Today we have sessions. It's the start of our Orientation into our content areas. For the next three and a half days, we will be learning how to use our visions of our classroom to be great math teachers.
In our first session, we were asked to figure out our story. A story that has a strong lead character, one that has an inciting moment, and ends with a conflict that frames the story. After thinking out loud throughout the session, we've been commissioned to write a story that reflects who we are, why we are here and the context of our story in the now considering we just ended Institute.
So here it goes:
5 weeks ago, I started on a journey. This journey was new, exciting, yet nerve wrecking. I was going to become a teacher to young adults that I had never met with a group of fellow Corp Members that I had never spoken with.
Days came and went, bonds grew and waned and conversations blossomed and faded. Ultimately, I finished my 5 weeks of training and endured the 4 weeks of teaching during that time.
How did I see the world during this time? A whole load differently. For the first time, I was no longer in a predominately white suburb or city. I am now in areas that are nearly all black.
I faced teaching kids that have grown up with biases that have put them at disadvantages. These same kids were often given excuses for their low performance and passed to the next grade.
I taught day in day out, analyzing my performance in front of my students. Each one deserved my attention and each one had a difference need. I calculated my lesson plans as best as possible at the same time I decided to experiment with my kids' abilities. I taught by lecturing on Day 1, I gave guided notes and moved around the room on Day 2. By week 4 of teaching I had used games, student-led discussion and rigorous questioning to get my students to learn.
My kids led me through hoops of non-participation to over-talking. Each warranting a different reaction, but I was still learning. Facing the challenges I knew that my students would learn from me, but that they would give me so much more in return.
I now question why every student in my classroom says they will go to college. Are they going for themselves or are they going for their parents whom have forced this idea upon them? I question why my students are reacting to my lessons in certain ways and I ponder the effectiveness of the same lessons. Are they rowdy because my game is fun or because they're disinterested? Are they even learning from my notes and activities?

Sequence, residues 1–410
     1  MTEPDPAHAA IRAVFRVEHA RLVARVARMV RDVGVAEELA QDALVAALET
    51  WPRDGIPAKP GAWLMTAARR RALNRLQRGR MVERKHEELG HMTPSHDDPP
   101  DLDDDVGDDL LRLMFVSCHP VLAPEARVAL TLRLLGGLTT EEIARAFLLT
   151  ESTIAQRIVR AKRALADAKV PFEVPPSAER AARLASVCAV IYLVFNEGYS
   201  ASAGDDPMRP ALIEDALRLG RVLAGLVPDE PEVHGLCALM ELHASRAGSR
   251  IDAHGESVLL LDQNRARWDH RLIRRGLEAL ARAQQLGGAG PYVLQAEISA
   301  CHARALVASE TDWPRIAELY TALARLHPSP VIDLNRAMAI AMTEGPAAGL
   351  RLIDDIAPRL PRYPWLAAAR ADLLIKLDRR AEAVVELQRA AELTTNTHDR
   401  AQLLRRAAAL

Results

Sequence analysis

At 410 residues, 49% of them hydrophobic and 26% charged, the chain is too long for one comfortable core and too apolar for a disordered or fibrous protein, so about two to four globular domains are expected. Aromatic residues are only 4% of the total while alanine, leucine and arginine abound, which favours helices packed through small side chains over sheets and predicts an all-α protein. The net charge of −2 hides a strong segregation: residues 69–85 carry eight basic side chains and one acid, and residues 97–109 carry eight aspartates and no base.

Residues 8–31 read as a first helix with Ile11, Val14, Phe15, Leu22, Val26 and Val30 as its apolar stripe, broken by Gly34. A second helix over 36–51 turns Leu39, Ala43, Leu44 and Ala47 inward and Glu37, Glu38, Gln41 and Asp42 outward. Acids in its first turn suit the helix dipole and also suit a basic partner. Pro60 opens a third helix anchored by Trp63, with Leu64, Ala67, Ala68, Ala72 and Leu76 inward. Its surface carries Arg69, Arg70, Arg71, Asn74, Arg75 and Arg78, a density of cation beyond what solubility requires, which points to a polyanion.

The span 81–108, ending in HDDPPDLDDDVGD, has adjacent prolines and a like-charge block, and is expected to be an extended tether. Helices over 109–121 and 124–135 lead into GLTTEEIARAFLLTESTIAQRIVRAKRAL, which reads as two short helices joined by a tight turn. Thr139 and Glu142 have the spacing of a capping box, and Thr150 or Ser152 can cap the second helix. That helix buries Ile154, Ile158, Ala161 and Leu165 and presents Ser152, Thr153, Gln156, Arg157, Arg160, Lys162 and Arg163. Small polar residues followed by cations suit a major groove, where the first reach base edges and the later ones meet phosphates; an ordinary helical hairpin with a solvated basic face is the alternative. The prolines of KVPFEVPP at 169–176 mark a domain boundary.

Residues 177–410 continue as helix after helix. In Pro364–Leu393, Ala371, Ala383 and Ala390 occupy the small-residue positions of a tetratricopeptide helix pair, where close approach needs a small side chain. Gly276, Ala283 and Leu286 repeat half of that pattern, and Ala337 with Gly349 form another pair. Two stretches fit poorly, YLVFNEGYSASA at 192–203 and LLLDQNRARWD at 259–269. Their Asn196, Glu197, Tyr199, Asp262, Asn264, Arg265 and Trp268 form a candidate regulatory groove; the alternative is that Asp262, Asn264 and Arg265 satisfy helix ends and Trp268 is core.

Ultimately, I have come to see that these are issues that everyday, as a teacher, I will question and plan for. No new day will be the same as a previous one. The brutality of reality can be hard for some to bear, but these are moments that we are given to question our own abilities and how we can master our skills.
I must use every ounce of wit, every ounce of charm and every ounce of common sense to out-run, out-smart and out-perform these students. I must use every chance of growth, every chance of acknowledging weaknesses, and every chance of using strengths to get my students to bloom and prosper.
I foresee triumphs of students learning and getting A's. I desire to see that day that my students understand that I am firm and challenging so that they can learn. I will succeed at developing my classroom in many different ways after facing challenges.
My story is that I have seen some of these challenges, I have questioned my perceptions and I have made adjustments in course of teaching. A strong lead character must be charismatic, energetic and relatable. Challenges must have an end and triumphs must live on. Each of these together, over the course of 4 weeks in teaching have taught me a lot and over the course of the year my story will change as I see more challenges that lead my to change my trajectory and work harder for my larger goals in teaching and as part of a movement toward quality education systems.
I look forward to using every resource as a means to better myself, my school, my community and my students.